A new report from Moody's Investors Service describes how the phenomenon of high school students applying to significantly more colleges and universities is causing difficulties for institutions. The report finds that:
A growing number of colleges are reporting yields -- the percentage of accepted applicants who enroll -- of less than 20 percent.
Discount rates (the percentage of tuition sticker price that students and their families don't pay) are rising, limiting net tuition revenue for colleges.
The University of Chicago today announced an expansion of efforts to help low-income students. Under the efforts, loans will be replaced with grants in need-based financial aid packages, no application fees will be charged to those applying for financial aid, the aid application process will be simplified, and the university will hold more than 100 free sessions, nationwide, to explain the admissions and financial aid process.
The University of California System plans to review its recent push to admit more out-of-state applicants, the Associated Press reported. Janet Napolitano, president of the university system, told the AP, "There are enough people that are concerned about it and have expressed that concern to me — and I've seen it myself by looking at the numbers — that it deserves a serious look, and we are giving it that." Thirty percent of those offered admission this year came from outside California, a sharp increase from historic levels. University officials have noted the need for revenue in an era of tighter state budgets (although the state provided increases this year). California residents pay $13,300 for tuition while those from elsewhere pay more than $36,000.
Holistic admissions policies -- in which colleges consider a candidate as an individual, and base decisions on more than a formula of grades and test scores -- have long been common among undergraduate institutions, but have also gained ground in health professions admissions, according to a report released today. The report found that more than 90 percent of medical schools and nearly half of nursing bachelor's programs are using holistic admissions. Because holistic admissions can consider such factors as a candidate's background and disadvantaged status, these policies have generally been associated with increased diversity, and the new report finds that to be the case in health fields. Among institutions with many attributes of holistic admissions, more than 80 percent report that moving in that direction led to increased diversity in the student.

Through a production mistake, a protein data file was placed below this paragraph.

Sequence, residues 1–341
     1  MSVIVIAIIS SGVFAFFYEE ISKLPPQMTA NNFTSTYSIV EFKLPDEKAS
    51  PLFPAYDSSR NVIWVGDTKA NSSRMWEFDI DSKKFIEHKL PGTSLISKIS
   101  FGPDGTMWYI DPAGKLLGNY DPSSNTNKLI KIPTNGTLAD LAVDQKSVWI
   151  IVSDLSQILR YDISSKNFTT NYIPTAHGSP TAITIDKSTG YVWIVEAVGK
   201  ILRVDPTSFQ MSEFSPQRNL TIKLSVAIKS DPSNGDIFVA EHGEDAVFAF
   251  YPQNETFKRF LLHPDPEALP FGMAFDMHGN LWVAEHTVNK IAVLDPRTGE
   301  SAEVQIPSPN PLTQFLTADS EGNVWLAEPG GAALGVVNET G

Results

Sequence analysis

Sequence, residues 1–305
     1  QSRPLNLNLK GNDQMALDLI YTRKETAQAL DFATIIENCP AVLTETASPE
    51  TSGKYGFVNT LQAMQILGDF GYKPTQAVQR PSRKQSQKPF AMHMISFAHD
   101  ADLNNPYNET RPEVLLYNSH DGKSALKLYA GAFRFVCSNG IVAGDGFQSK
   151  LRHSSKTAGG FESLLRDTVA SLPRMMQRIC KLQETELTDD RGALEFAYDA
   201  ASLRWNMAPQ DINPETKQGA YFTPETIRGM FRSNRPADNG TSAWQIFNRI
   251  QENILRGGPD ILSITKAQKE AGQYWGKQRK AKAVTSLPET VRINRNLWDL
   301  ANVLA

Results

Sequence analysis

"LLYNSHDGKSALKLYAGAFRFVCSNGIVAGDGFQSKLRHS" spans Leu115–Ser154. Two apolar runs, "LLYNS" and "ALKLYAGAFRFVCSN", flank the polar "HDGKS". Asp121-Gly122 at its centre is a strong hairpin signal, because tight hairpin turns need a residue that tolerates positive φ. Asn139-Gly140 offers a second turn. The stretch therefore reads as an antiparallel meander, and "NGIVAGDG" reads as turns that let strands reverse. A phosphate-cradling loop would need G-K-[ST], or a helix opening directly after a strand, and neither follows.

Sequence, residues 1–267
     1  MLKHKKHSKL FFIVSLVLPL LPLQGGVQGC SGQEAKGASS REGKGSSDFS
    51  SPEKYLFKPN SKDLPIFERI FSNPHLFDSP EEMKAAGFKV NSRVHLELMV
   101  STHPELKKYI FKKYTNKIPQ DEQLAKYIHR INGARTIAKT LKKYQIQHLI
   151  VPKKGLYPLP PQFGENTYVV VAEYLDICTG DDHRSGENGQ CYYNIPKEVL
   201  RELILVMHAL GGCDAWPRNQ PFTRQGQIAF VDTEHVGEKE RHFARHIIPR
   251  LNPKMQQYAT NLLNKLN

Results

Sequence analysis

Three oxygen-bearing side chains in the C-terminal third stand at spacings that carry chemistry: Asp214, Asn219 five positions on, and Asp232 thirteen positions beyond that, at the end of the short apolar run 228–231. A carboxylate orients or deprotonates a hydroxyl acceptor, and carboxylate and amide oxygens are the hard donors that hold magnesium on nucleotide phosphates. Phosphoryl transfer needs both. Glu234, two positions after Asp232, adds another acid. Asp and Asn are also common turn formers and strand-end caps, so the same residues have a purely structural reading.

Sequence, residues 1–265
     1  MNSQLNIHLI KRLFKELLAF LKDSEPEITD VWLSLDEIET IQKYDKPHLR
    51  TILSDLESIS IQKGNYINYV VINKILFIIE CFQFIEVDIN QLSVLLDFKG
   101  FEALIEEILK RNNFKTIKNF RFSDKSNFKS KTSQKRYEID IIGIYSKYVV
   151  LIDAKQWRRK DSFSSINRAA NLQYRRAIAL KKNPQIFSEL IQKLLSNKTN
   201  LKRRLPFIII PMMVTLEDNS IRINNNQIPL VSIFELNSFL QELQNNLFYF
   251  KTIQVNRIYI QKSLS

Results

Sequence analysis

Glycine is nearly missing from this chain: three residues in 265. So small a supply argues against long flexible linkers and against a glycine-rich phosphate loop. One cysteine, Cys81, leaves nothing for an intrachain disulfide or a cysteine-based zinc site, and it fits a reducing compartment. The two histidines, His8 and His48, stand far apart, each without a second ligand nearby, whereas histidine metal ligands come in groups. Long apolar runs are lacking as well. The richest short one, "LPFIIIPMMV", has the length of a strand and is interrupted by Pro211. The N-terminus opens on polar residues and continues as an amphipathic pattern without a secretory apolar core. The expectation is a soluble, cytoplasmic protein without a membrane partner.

At the same time, the report did not find evidence that holistic admissions -- as its critics sometimes suggest -- has led to a decline in academic admissions standards. Over the last decade, as many of these institutions expanded holistic reviews, 90 percent of the health professions programs using holistic review reported that the average grade-point average of the incoming class remained unchanged or increased, while 10 percent reported a decrease. And 89 percent reported that average standardized test scores for incoming classes remained unchanged or increased, while 11 percent reported a decrease
The report was done by the Urban Universities for HEALTH – a collaboration between the Association of Public and Land-Grant Universities, the Coalition of Urban Serving Universities and the Association of American Medical Colleges, with funding from the National Institutes of Health and the Health Resources and Services Administration.
College enrollments dropped for the second straight year in 2013, according to new data from the U.S. Census Bureau. But those drops are but a fraction of the large gains that came first. Enrollments fell by nearly half a million -- 460,000 -- between 2012 and 2013. That brought the two-year decline to 930,000, which was larger than enrollment drop before the recent recession. But enrollments grew substantially -- by 3.2 million -- as the economic downturn hit. Between 2006 and 2011, enrollment grew by 3.2 million. In the last year analyzed (2012 to 2013), community colleges saw the largest enrollment drops (10 percent), while four-year institutions saw a very small increase.
Only a handful of colleges and universities have optional questions on their undergraduate applications in which applicants may share their sexual orientation or gender identity. On Thursday, the Graduate School at Northwestern University (which does not ask the question of undergraduates) announced that it will add a question on whether applicants "consider themselves part of the LGBTQ community." Dwight McBride, dean of the Graduate School, said: “It's important for us but also for others to move in this direction, as well. If we don't ask the question, we are not building a data archive and, therefore, have no way of knowing what the needs of our populations and sub-populations in our communities are -- beyond guessing and anecdote.”
Mercyhurst University, in Pennsylvania, has announced that it is ending the requirement that applicants submit SAT or ACT scores. “Mercyhurst does not believe in reducing students to numbers and has always championed a holistic approach to admissions,” said a statement from the president, Tom Gamble. “Becoming test-optional allows us to focus more on the individual, which is consistent with our mission.”
Under a chancellor who says he cares more about rankings than did his predecessor, Syracuse U. scales back involvement with well-regarded program for recruiting low-income and minority students -- and those students take note.